Here at SEI, we try to post twice a week, and this seems like this is a sweet spot for most blogs. If twice a week is too much of a time commitment, you should be reaching out at least once a week to remind your audience that you still exist.
You may find yourself writing two styles of posts throughout the week to fit your schedule, and this kind of diversity is welcomed. Examples of different styles are: long form posts, summary posts (where you point to other blogs), list posts, “how to” posts, reviews, insight and opinions posts, “update me” posts, and “roundup” posts (ask a few guru’s in your field one question and post their replies).

 

7. Titles are 80% of your piece

Good content gets ignored because of bad titles. Think about it. If a title doesn’t draw you in, you don’t click. David Ogilvy, often called The Father of Advertising, said: “On the average, five times as many people read the headline as read the body copy. When you have written your headline, you have spent 80 cents out of your dollar.”
Use buzzwords and nerve pinching adjectives to make your titles magnetic.
Some blogs and articles will tell you to spend half of your time coming up with your headline. I think this is a little overkill, but that doesn’t mean titles/headlines are not incredibly important.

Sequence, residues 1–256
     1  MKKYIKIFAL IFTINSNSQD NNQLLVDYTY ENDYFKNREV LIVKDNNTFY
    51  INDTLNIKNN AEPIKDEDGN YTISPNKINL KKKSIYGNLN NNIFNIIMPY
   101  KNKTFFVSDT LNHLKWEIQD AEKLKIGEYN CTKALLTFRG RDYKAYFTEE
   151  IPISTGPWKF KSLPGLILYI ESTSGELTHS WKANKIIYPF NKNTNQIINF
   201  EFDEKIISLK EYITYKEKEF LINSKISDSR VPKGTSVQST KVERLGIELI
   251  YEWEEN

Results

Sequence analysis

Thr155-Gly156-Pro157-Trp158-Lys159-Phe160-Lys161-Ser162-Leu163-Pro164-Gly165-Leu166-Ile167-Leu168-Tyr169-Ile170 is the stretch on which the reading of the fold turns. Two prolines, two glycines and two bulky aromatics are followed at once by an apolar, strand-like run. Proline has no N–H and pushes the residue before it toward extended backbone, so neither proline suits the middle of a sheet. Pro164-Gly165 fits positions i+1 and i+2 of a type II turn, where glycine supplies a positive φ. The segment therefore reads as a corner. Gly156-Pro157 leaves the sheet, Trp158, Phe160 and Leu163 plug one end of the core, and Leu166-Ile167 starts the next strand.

Your title needs to stand out and be the most “clickable” string of words on websites and social media newsfeeds. Remember, 80% of the work is getting someone’s attention.

Find trends associated with your market to reach a larger audience with feedly.com
Find title ideas using Portent's Content Idea Generator
Find words and associated tags with http://hashtagify.me/
 

8. Pictures/media/copyrights

You are going to need some media to spice up your post. According to a Hubspot post on content marketing, “marketers who are leveraging visual content are seeing significant increases in their blog traffic, social media engagement, visitor-to-lead conversion rates and inbound customer acquisition results.” Luckily for us writers, there are some great places to connect with photographers who allow us to use their images for free or a small fee.

gettyimages.com $$$ but worth it if you have extra money in your budget
canva.com $1 photos
buffer.com/pablo Free photos
flickr.com Paid and Free (creative commons) photos
commons.wikimedia.org (public domain) Free
Wiki to public domain image sites

If you are using a creative commons image, make sure you are citing it correctly. Remember to cite the title, author, source, and license. Here is a guide.
 

9. You are going to need a good editor

About three months ago, my posts started looking and reading a lot more professional. My friend Jason (who has a blog of his own), started giving me feedback and revisions to my posts. In addition, my fiance Megan copyedits everything I write (and everything I wear before leaving the house). I also bounce ideas off of my mentor Andy Ruth and others at SEI.